Proposed Budget Threatens Lake Champlain
The White House is proposing to slash the Environmental Protection Agency's (EPA) budget by 25%. The $2 billion cut from EPA's budget of $8.14 billion represents a mere .05% "savings" in the total federal budget. While the draconian cuts to EPA have little impact on the overall budget they will have a significant effect on the ability of the Agency to carry out its mission to protect human health and the environment. These and other proposed budget cuts threaten environmental safeguards and undermine decades of work to protect the natural resources we depend on for life and livelihood. More than 40% of EPA's budget goes to the states in the form of grants. How might those cuts affect Lake Champlain? A third of the lake clean-up budget (projected to be $2.3 billion over 20 years) is dependent on federal funding. A third of the Vermont Agency of Natural Resources (ANR) annual budget is federally-funded. EPA funds of $9 million pay for one third of Vermont Department of Environmental Conservation (VT DEC) staff. Those funds pay for staff charged with implementing the Clean Air Act, Clean Water Act, Safe Drinking Water Act and the Resource Conservation and Recovery Act -- core environmental programs. Additionally the state gets $20 million annually of EPA funds for the state revolving fund for drinking water and wastewater treatment upgrades. Funding for the Lake Champlain Basin Program -- the entity that coordinates the Lake Champlain restoration plan and supports critical research, monitoring and education programs -- is also targeted for massive reduction or outright elimination.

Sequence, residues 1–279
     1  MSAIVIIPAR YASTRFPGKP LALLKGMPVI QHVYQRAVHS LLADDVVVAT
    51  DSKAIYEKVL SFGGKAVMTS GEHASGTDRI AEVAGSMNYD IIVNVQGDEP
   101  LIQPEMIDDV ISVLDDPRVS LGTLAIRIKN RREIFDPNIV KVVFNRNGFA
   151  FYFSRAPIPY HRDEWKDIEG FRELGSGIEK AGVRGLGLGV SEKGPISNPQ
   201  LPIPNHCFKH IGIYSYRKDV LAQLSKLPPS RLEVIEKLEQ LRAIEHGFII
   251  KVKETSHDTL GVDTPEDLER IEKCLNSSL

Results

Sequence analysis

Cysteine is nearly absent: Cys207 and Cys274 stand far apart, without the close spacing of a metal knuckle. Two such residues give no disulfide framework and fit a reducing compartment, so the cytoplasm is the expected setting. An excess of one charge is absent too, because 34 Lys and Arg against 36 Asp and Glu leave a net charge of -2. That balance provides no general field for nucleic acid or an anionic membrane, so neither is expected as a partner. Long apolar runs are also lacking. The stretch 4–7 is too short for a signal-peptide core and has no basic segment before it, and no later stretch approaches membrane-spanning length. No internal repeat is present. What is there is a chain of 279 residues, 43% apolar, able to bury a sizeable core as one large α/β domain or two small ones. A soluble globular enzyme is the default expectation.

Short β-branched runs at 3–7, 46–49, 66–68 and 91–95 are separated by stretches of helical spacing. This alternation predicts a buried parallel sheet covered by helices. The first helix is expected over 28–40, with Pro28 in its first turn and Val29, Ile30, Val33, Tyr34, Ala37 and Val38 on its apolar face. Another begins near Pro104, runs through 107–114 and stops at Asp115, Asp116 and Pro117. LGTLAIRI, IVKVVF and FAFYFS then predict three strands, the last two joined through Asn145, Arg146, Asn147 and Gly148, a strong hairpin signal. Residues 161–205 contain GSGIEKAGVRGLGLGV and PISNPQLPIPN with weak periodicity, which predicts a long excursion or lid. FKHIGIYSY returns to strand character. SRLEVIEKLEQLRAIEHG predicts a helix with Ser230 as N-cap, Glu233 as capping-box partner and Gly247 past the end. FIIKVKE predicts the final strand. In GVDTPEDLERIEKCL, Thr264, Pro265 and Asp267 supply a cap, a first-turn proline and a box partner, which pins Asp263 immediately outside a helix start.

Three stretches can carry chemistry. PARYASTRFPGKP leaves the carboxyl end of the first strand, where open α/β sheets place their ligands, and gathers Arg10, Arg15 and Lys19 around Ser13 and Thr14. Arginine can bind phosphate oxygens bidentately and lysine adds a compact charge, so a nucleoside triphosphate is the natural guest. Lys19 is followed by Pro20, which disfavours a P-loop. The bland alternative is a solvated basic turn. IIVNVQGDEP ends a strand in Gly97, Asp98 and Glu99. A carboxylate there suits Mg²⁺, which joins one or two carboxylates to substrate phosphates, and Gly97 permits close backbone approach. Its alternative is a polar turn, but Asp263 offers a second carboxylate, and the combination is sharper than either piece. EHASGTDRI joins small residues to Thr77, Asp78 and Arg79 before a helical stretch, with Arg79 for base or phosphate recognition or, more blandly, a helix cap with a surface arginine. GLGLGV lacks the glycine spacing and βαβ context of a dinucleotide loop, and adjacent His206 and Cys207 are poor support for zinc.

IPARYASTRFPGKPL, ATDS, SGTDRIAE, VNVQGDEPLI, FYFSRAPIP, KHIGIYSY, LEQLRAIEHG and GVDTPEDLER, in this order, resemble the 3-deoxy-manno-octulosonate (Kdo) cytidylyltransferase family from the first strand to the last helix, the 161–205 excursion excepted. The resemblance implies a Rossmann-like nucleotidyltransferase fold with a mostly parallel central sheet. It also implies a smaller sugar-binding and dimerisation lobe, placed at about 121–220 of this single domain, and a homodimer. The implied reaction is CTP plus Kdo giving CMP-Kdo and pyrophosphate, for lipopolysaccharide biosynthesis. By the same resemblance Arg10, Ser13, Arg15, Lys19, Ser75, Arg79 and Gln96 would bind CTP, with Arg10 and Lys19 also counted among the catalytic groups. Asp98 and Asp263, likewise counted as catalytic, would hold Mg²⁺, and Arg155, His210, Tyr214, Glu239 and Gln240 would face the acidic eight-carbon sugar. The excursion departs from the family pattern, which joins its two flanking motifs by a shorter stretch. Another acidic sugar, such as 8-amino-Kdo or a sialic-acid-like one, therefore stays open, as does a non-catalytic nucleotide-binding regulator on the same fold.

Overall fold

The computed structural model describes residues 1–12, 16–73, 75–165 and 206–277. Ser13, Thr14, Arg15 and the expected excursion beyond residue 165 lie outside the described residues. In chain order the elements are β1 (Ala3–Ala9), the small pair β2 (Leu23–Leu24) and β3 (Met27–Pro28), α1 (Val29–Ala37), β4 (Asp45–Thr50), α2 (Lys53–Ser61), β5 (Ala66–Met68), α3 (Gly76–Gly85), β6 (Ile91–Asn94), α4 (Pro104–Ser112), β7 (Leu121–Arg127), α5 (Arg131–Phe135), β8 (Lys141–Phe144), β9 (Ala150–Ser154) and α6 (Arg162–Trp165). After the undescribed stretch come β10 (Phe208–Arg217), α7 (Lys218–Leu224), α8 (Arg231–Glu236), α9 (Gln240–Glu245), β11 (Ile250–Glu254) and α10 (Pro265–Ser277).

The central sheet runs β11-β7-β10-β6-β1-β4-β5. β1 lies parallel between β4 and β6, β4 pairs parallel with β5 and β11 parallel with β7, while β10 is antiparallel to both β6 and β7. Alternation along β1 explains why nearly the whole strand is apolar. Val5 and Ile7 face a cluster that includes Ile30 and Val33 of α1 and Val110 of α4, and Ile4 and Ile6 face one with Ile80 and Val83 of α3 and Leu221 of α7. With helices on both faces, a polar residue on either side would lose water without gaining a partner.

According to a January 2017 Reuters poll, 61% of Americans want EPA to be "strengthened or expanded" (39%) or "remain the same" (22%). Only 19% of Americans wanted EPA "weakened or eliminated", the rest said they "don't know". The cuts outlined above would decimate the budget of the agency tasked with ensuring clean air and water. It's nothing short of an attack on health and environmental safeguards. Congress has the power to accept or reject the president's budget proposal. Let your Congressional representatives know you expect them to take a strong stance against any proposal that jeopardizes Americans' right to clean air and water. Click here for information on how to contact President Trump and members of Congress.